I loved leading our pregame clap. Before each game we were held in a long hallway to wait for player introductions. I’d start the beat. Seimone, Sylvia and Angel would jump in with their own energy. We’d all get hyped to the same rhythm — even the more rhythmically challenged of us — and with a burst, rush the court.

They didn’t warn us about the bench chairs. They were really, really tall. But we had a five-foot-nine-and-under club: Coach, Sue and Whay. Us six-footers could pop up to celebrate, substitute and gather ’round for timeouts, but the five-foot-niners had to slide off or scoot to the edge of their seats for their feet to touch the ground.

We did a lot of celebrating on the sidelines: bows and arrows, locked-and-loaded cannons. Dabs. It was the details that got us hyped: Dee breaking her own Olympic three-point record (six in a single game); Whay leading fast breaks and finishing with style and strength; BG’s footwork and block parties; Elena elevating over defenders to the bucket; Syl dominating the paint and looking like her finals-MVP self; Money ’Mone with the midrange-and-float game; Stewie’s cool athleticism and range; Angel’s instinctive motor; Sue’s steady leadership despite injury; Tamika’s relentless defense leading to offense; Tina’s unstoppable off-of-one-foot fadeaway; The entire team setting a record for most assists in a game with 40.

There was a priceless satisfaction I felt when Tina and Whay flawlessly executed a play that Coach drew up coming out of a timeout. Even he celebrated.

(Coach doesn’t dab. He fist pumps.)

People think the gold medal game is the most difficult. It’s actually the semifinal game — the game to get to the gold medal game — that’s generally harder. But our team was so solid and so deep — players one through 12 — that we were ready for France.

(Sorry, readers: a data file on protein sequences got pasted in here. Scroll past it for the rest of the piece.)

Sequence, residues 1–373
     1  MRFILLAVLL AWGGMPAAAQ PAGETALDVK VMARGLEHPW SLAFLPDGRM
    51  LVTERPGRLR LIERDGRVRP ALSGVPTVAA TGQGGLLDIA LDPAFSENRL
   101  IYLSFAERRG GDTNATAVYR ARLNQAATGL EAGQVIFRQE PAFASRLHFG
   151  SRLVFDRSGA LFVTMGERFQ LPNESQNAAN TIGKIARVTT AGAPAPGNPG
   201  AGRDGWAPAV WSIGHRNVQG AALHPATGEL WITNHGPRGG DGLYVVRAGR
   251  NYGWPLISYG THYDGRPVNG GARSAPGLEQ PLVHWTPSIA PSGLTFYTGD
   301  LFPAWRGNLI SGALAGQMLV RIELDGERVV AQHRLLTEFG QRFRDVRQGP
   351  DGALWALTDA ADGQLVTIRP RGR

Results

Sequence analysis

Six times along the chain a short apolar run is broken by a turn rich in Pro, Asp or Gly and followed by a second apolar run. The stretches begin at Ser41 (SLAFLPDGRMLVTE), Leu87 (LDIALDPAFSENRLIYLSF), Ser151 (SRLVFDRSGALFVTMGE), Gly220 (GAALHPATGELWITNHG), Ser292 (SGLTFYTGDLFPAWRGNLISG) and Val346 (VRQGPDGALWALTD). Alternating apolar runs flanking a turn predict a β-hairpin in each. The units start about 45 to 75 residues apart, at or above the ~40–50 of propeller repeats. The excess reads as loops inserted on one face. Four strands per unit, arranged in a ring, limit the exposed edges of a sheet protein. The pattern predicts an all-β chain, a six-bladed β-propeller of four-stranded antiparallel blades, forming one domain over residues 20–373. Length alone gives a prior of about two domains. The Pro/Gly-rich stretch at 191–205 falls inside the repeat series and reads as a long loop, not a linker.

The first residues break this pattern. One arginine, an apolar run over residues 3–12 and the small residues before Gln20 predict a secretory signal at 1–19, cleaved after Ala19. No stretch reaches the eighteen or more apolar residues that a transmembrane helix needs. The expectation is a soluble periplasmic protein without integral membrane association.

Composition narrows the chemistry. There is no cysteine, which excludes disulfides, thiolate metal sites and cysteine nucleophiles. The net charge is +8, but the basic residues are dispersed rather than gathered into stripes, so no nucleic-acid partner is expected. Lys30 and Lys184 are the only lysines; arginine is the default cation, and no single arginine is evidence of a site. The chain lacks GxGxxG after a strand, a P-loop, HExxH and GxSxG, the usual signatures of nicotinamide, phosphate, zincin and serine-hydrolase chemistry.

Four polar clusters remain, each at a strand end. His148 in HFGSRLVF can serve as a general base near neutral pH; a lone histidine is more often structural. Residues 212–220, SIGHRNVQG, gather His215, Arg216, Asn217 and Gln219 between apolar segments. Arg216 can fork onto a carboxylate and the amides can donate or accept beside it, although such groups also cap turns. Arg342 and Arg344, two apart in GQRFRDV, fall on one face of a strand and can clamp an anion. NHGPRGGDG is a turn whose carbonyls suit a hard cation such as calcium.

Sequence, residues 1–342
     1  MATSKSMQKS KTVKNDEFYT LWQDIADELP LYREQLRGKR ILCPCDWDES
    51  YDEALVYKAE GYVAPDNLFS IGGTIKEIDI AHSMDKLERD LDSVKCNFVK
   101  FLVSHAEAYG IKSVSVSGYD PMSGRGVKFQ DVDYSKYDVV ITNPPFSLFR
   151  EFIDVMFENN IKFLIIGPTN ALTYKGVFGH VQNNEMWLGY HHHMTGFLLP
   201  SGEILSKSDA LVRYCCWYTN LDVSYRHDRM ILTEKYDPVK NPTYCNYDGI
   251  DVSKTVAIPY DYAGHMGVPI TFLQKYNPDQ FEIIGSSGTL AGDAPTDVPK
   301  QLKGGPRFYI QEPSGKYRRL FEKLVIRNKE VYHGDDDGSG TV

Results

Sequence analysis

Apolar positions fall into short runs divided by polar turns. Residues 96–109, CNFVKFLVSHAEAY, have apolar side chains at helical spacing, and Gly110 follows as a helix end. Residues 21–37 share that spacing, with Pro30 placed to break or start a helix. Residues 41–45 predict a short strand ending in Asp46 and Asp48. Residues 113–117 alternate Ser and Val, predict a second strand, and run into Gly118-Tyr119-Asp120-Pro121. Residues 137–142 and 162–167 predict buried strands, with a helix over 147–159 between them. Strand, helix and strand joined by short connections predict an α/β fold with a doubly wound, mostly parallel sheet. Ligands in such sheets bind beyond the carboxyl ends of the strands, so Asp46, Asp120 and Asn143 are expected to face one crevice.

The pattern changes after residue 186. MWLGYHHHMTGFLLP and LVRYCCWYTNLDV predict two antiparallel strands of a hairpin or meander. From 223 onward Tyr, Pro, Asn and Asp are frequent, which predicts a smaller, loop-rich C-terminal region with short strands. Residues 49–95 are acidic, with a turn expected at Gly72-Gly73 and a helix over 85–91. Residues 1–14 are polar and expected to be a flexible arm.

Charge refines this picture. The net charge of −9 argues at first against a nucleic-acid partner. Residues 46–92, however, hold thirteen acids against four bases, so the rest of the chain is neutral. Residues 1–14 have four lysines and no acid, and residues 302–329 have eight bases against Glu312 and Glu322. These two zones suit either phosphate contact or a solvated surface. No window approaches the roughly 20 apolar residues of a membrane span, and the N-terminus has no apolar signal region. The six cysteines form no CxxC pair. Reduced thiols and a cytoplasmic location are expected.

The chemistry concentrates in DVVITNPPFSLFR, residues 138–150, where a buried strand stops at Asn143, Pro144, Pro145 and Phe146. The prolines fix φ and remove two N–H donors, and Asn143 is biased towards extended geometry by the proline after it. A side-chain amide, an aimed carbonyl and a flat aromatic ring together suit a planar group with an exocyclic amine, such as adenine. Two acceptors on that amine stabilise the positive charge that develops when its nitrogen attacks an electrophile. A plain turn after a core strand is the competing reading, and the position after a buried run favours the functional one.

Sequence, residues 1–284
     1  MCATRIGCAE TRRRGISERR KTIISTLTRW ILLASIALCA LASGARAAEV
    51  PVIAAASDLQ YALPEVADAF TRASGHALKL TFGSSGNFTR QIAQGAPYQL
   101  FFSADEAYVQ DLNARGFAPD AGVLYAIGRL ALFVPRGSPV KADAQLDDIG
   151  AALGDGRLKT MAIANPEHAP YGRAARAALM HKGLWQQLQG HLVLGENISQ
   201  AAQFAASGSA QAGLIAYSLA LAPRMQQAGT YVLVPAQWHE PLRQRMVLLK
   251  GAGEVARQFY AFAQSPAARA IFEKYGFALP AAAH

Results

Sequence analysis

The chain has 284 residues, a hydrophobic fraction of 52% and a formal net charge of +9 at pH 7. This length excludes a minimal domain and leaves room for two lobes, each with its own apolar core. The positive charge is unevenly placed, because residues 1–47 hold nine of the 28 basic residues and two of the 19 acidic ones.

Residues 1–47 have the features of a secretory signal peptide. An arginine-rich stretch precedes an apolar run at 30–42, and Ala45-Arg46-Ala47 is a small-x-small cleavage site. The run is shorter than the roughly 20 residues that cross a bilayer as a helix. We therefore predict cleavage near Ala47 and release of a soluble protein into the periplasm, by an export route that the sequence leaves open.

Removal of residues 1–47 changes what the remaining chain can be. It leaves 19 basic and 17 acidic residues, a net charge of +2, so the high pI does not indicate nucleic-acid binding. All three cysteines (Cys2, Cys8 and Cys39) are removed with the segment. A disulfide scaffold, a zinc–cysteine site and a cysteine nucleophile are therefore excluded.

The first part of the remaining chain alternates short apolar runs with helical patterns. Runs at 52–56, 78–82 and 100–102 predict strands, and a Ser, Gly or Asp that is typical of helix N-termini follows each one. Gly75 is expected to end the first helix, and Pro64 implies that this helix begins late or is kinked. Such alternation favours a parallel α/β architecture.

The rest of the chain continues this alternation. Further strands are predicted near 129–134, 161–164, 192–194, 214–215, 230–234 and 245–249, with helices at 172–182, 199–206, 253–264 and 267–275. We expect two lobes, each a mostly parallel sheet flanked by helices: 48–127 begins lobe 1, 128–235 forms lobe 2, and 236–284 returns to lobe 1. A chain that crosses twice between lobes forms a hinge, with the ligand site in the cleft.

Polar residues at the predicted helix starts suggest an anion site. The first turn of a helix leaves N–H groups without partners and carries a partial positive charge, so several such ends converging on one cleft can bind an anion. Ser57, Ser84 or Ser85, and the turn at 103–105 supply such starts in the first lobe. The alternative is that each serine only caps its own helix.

Coach walked into the locker room before the game.

“You know who you are,” he said. He reminded us individually and collectively of our strengths.

“You’ve been here before. You know what it takes to win.”

We never looked back.

The Olympics are too precious to let up during competition. There’s no, “Ah, let’s get it next year,” if you lose. There is no next year. You’re four years older by the time the next Games come around. You don’t know where you’re going to be in your career. You don’t know if you’re going to be healthy. There’s only one team and only 12 spots. And then if you make the team, you only have eight games to win gold. Those are some slim odds.

This year, we grabbed the gold boldly.

After they put the gold around my neck, the first person I went over to in the stands was my mom.

I felt so thankful in that moment.

“I’m so proud of you,” she said.

I’m proud of what we did, too. We dominated with class and a rare selflessness.

That domination drew some criticism — the idea that we were too good.

In what other arena would that compute? Let’s put it in another context:

Say you discover an exquisite cuisine. And as time goes on, it becomes even more mind-blowing. Every single time you eat this food, it tastes better. At no point would you say, “Man, this food is so good that it’s actually bad for people. It makes the culinary world worse.”

No, you’d say, “I want more. Give me more.” And you spread the word.

Philosophically, if you have something great, why would you not want it to continue to be great, and raise the bar in hopes that other people will compete and raise their own bar? That way we all rise.

I understand an element of the argument. It’s rooted in the competitive nature of sports. A close score makes sports more exciting. If the teams are more evenly matched, it makes for an exciting storyline.

It’s probably even harder, though, to do what we have done. We’ve been doing it for so long that people think it’s a given that we are going to dominate. But plenty of things can still go wrong when you’re more talented or deeper than other teams. You can show up and not play well. You can fail to take the competition seriously. You can rely too much on history or your reputation. You can fail to play team ball. You can look sloppy.

None of that is fun to watch. And that’s not what we do.

It takes more focus — and a deep appreciation of your teammates, the game and the fans — to continue to push yourself. Despite the score. Despite the competition.

It’s not easy to do. We represented our country not just by winning it all but by playing beautiful basketball.

This team will go down as one of the greatest sports dynasties — of all time.